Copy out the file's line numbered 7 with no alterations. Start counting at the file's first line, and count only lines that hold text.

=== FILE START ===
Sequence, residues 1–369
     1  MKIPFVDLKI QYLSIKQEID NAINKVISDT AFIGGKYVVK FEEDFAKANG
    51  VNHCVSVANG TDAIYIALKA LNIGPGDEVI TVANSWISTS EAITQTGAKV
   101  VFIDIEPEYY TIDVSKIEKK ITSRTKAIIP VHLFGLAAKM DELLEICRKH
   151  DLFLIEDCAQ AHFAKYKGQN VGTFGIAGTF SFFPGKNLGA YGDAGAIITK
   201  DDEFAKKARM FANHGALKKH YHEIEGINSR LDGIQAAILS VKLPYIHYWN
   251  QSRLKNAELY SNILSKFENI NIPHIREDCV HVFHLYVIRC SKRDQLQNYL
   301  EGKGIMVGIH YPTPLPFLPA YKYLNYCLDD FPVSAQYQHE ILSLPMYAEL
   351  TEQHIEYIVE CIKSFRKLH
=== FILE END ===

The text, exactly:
   251  QSRLKNAELY SNILSKFENI NIPHIREDCV HVFHLYVIRC SKRDQLQNYL